Eruption of Mount Etna

February 19th, 2021 |

Meteosat-11 False Color RGB images [click to play animation | MP4]

Meteosat-11 False Color RGB images [click to play animation | MP4]

EUMETSAT Meteosat-11 False Color RGB images from the NOAA/CIMSS Volcanic Cloud Monitoring site (above) showed the signature of a volcanic cloud associated with an eruption of Mount Etna on 19 February 2021. The brighter shades of red/magenta suggested the presence of ash within the volcanic cloud. This was supported by high values of retrieved Ash Loading (below).

Meteosat-11 Ash Loading product [click to play animation | MP4]

Meteosat-11 Ash Loading product [click to play animation | MP4]

A Meteosat-11 Ash Effective Radius Product (below) depicted rather large ash particles, generally in the 14-16 µm range.

Meteosat-11 Ash Effective Radius product [click to play animation | MP4]

Meteosat-11 Ash Effective Radius product [click to play animation | MP4]

A Meteosat-11 Ash Height product (below) showed retrieved values up to 12-13 km (magenta enhancement) for parts of the volcanic cloud.

Meteosat-11 Ash Height product [click to play animation | MP4]

Meteosat-11 Ash Height product [click to play animation | MP4]

Another version of Meteosat-11 False Color RGB images which use 8.7 µm data (below) revealed shades of green that indicated a higher concentration of SO2 within the southern portion of the volcanic cloud.

Meteosat-11 False Color RGB images [click to play animation | MP4]

Meteosat-11 False Color RGB images [click to play animation | MP4]

Cyclone Nivar makes landfall in India

November 25th, 2020 |

US Space Force EWS-G1 Infrared (10.7 µm) images [click to play animation | MP4]'

US Space Force EWS-G1 Infrared (10.7 µm) images [click to play animation | MP4]

US Space Force EWS-G1 Infrared (10.7 µm) images (above) showed Category 1 Cyclone Nivar making landfall along the southeastern coast of India on 25 November 2020.

EUMETSAT Meteosat-8 Infrared Window (10.8 µm) images with contours of deep-layer wind shear from the CIMSS Tropical Cyclones site (below) indicated that Nivar was moving through an environment of low shear (and over warm water) — factors favorable for the storm maintaining its intensity.

Meteosat-8 Infrared Window (10.8 µm) images, with contours of deep-layer wind shear [click to enlarge]

Meteosat-8 Infrared Window (10.8 µm) images, with contours of deep-layer wind shear [click to enlarge]

Medicane makes landfall in Tunisia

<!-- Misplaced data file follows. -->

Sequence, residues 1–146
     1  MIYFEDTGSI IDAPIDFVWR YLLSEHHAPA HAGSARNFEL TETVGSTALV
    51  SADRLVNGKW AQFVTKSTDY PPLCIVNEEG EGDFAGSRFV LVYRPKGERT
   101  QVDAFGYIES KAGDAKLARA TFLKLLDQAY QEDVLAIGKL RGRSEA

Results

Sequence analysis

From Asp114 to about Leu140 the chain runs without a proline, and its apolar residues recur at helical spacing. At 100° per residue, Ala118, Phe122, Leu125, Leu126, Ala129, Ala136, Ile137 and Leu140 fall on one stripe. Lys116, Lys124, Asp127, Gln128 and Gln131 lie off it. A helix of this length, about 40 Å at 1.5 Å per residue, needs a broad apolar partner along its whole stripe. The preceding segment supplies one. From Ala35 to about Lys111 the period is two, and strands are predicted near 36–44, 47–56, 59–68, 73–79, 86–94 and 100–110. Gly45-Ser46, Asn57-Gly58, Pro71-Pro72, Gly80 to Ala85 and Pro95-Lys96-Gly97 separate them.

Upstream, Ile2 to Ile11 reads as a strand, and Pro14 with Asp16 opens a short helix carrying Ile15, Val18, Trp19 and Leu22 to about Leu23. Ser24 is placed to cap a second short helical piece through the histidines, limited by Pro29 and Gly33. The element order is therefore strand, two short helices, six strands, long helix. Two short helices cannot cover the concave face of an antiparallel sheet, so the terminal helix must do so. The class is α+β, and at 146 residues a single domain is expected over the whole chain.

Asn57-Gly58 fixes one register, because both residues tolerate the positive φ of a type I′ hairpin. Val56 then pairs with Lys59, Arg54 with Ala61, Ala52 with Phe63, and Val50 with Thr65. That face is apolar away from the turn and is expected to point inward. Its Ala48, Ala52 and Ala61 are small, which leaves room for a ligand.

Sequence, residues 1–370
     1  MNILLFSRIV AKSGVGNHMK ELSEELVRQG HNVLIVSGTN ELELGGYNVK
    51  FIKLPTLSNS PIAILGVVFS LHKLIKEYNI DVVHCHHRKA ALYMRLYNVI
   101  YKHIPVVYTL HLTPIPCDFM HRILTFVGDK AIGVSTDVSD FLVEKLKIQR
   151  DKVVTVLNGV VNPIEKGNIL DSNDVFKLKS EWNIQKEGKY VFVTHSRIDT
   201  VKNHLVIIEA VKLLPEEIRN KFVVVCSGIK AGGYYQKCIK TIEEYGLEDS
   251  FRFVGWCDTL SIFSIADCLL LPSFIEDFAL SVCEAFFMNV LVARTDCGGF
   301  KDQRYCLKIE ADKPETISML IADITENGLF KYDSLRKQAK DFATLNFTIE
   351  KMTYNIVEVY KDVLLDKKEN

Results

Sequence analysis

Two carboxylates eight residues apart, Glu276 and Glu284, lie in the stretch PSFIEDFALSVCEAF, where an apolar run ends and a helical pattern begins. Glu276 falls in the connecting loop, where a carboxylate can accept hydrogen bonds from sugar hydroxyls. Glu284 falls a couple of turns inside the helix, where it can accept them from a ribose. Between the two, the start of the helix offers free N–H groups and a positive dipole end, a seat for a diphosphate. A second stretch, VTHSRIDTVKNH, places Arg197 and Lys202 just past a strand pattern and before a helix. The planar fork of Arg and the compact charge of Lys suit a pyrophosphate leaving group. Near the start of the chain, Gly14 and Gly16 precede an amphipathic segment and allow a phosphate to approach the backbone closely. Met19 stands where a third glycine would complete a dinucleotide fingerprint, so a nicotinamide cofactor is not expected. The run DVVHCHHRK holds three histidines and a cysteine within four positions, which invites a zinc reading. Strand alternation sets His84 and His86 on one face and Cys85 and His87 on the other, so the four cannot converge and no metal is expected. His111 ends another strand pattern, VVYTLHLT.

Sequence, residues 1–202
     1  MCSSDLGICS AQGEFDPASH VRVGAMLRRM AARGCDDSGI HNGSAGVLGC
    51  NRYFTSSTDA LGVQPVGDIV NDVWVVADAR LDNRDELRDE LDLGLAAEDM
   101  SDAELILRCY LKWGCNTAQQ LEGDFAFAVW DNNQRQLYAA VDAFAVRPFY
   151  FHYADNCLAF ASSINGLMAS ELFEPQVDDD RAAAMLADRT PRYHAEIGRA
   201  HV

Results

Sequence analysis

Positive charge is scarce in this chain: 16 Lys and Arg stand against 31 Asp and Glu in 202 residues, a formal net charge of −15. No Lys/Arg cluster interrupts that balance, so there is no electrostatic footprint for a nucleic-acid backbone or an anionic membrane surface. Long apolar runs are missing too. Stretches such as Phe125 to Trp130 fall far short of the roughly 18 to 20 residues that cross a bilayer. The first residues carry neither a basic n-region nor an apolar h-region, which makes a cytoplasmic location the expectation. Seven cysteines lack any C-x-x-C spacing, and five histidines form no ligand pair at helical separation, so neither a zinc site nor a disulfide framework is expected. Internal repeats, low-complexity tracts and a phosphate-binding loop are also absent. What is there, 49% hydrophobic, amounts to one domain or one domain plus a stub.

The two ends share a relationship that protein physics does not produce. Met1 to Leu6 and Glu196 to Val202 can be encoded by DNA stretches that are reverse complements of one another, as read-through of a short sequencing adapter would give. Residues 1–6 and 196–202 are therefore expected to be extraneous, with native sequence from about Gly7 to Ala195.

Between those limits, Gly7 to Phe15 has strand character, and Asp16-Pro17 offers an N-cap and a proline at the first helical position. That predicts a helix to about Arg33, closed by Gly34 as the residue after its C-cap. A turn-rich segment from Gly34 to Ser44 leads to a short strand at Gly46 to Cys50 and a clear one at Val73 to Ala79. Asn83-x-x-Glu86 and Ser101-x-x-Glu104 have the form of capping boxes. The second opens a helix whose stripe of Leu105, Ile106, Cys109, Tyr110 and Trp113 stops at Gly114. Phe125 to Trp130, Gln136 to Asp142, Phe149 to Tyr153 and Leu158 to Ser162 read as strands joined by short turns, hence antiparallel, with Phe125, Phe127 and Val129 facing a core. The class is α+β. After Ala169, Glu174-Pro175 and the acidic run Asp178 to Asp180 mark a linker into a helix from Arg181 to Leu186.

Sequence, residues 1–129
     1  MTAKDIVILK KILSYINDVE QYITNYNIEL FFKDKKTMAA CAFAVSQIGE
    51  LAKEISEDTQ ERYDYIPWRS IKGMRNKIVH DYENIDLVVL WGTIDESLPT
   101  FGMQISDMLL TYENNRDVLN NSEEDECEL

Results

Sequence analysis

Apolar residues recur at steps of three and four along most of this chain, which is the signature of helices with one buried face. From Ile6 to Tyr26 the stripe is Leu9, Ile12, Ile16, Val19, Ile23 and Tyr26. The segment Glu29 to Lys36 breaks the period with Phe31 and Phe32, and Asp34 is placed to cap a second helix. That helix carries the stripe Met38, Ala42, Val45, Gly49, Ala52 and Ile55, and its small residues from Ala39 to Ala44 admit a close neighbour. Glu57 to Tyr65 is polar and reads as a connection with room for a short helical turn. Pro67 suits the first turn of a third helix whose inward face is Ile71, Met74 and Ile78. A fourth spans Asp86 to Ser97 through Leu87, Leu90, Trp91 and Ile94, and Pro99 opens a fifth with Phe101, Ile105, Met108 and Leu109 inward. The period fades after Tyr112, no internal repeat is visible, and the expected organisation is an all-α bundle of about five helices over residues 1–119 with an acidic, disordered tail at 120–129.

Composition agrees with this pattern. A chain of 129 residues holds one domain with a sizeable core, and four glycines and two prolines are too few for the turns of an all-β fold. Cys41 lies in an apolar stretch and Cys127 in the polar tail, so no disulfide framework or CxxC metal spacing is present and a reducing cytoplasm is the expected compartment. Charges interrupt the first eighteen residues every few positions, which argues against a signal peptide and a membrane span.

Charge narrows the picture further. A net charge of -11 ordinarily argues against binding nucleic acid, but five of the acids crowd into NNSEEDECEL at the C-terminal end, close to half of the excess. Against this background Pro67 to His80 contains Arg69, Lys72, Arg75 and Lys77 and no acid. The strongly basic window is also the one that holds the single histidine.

November 22nd, 2020 |

EUMETSAT Meteosat-11 High Resolution Visible (0.8 µm) images [click to play animation | MP4]

EUMETSAT Meteosat-11 High Resolution Visible (0.8 µm) images [click to play animation | MP4]

EUMETSAT Meteosat-11 High Resolution Visible (0.8 µm) images (above) showed a westward-moving medicane which developed a fairly distinct eye shortly before making landfall along the eastern coast of Tunisia on 22 November 2020.

A Suomi NPP VIIRS True Color Red-Green-Blue (RGB) image displayed using RealEarth (below) provided a higher-resolution view of the medicane’s eye and convective banding at 1152 UTC.

Suomi NPP VIIRS True Color RGB image valid at 1152 UTC [click to enlarge]

Suomi NPP VIIRS True Color RGB image valid at 1152 UTC [click to enlarge]

A plot of surface observations for Monastir’s Habib Bourguiba International Airport DTMB (below) showed that winds gusted to 43 knots as the system made landfall.

Plot of surface observations for Monastir's Habib Bourguiba International Airport [click to enlarge]

Plot of surface observations for Monastir’s Habib Bourguiba International Airport [click to enlarge]

Medicane Ionas after Greece

September 21st, 2020 |

VIIRS Daily True-Color images, 18-21 September 2020 (Click to animate)

What did the Medicane that hit Greece do afterwards?  VIIRS True-color imagery, above, taken from the NASA WorldView site, show an intact feature moving along the northern coast of Africa on 20-21 September towards the Nile Delta.  The amount of cloudiness is in general declining as it moves into a drier environment.  Total Precipitable Water (TPW) from the MIMIC website shows the general drying surrounding the storm.

MIMIC hourly estimates of Total Precipitable Water from 00 UTC on 17 September to 14 UTC on 21 September 2020 (Click to animate)


Rick Kohrs, SSEC/CIMSS, supplied the True-Color multi-day animation from Meteosat-11 imagery below. (Updated on 23 September to include date annotations)

Meteorsat-11 True-Color Imagery over the Mediterranean sea, 15-21 September 2020 (Click to animate)